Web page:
I’m a chair nut. When I moved, my moving men kept putting every single side chair I owned into my dining room, their permanent locations, T.B.D. By the time the dining room table arrived, there wasn’t any room to put it in the sea of chairs. Remarkably, they all found a spot, as I love an occasional chair here or there and don’t really tend toward matchy-matchy sets.
Anyway, from one chair nut to others or potential others, here are chairs to be on the lookout for at yard sales and chairs to invest in for your permanent (museum-ish yet functional) collection. I’m going to stick to five dining chairs as otherwise we’d be here all day and I have other stuff to do, but it’s a solid start.
1. Anything by Thonet, particularly with bent wood. These date back to the mid-century. Of the 19th century, that is, somewhere ’round ever-stylin’ Vienna. They still look fly today. Love. Scour second-hand websites and yard sales. A Thonet is a great score.
2. The Emeco Navy Chair (1006 Chair). These chairs were built to stand up to violent seas and dudes in the Navy. We’re talking torpedo blasts on the side of a destroyer. Not only are these suckers strong, they have classic mid-century industrial style that will never fade.
3. The Hans Wegner Wishbone Chair (1949). This versatile chair adds warmth and style to many different kinds of dining rooms. Though first impulse is to go all Danish modern around it, it works very well in more traditional spaces, spaces with Asian style, eclectic rooms as well as very minimalist rooms.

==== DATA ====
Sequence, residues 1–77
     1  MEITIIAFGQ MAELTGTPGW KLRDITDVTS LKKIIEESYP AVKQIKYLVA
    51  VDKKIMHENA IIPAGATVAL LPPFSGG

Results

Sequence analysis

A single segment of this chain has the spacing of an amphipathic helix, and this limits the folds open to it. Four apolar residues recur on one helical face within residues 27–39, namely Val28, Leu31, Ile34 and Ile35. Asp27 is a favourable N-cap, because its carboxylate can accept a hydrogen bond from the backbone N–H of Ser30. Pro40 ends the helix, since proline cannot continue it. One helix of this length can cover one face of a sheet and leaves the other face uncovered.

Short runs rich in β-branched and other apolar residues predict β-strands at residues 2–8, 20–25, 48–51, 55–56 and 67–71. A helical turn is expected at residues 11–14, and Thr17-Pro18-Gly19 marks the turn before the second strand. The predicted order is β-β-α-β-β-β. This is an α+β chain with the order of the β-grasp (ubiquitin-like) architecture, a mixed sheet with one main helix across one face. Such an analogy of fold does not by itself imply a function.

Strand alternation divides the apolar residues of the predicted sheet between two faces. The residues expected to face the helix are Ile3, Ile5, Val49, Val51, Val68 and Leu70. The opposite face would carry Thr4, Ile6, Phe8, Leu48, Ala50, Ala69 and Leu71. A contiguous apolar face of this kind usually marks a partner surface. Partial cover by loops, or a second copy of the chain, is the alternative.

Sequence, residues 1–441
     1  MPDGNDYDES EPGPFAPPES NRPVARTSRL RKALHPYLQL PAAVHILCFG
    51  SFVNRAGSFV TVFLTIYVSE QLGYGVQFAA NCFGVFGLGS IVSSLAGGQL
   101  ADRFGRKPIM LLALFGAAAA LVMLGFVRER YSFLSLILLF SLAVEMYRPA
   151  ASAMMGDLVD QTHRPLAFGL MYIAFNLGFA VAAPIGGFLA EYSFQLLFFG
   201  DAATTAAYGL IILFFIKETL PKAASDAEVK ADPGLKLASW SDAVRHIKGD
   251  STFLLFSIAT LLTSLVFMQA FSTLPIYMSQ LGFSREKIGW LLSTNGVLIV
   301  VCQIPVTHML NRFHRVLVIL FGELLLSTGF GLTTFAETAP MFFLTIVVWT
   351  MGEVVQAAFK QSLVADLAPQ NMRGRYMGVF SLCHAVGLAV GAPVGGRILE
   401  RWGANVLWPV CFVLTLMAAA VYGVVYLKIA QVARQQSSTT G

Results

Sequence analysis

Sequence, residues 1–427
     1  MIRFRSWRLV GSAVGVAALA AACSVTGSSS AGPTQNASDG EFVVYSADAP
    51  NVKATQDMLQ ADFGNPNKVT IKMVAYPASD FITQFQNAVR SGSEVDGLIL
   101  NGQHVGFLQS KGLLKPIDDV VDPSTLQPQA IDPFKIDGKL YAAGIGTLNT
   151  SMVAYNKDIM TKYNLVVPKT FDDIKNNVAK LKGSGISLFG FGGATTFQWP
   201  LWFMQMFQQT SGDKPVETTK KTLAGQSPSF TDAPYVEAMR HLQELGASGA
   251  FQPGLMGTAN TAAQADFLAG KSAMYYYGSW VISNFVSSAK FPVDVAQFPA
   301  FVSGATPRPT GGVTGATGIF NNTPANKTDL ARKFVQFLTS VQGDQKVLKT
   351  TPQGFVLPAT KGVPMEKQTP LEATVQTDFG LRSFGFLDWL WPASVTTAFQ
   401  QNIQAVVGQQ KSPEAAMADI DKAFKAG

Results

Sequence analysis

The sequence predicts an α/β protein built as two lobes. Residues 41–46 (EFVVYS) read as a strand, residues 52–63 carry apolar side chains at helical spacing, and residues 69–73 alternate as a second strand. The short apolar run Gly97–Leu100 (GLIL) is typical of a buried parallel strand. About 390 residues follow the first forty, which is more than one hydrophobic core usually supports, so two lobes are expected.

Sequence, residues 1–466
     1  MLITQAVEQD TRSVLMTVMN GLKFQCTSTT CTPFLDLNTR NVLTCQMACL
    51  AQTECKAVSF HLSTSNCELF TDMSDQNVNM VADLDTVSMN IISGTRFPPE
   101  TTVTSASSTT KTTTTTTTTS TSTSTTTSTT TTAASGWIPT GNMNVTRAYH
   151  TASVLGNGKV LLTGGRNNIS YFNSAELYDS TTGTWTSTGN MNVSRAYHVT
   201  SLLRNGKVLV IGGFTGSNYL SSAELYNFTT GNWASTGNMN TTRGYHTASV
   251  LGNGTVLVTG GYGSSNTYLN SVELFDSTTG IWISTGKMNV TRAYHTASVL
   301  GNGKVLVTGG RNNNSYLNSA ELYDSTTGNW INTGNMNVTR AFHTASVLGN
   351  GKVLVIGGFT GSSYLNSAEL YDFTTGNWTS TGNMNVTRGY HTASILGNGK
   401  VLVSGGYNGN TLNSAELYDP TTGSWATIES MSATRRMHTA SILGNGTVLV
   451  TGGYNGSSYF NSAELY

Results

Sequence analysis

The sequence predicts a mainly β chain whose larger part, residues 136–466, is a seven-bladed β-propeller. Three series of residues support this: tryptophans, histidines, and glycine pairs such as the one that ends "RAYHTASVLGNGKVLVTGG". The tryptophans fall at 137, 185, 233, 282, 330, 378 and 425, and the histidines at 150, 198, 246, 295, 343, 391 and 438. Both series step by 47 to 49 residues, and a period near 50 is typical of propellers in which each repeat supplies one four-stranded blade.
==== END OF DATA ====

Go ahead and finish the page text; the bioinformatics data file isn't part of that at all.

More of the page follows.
4. Arne Jacobsen’s Series 7 Chair (1955). Re-released, this classic is often imitated by chain stores and catalogs – don’t fall for the imitations; having a licensed chair is worth the investment. This versatile and curvy little number looks great for formal dining, casual eat-in kitchen dining and at a desk or dressing table.
5. The Kartell Masters Chair (2010-ish?). Philippe Starck mashed up the silhouettes of three chairs here – Jacobsen’s Series 7, and two others we didn’t have room to include – Eero Saarinen’s Tulip armchair, and the Eames’ Eiffel Chair to get this meaningful back.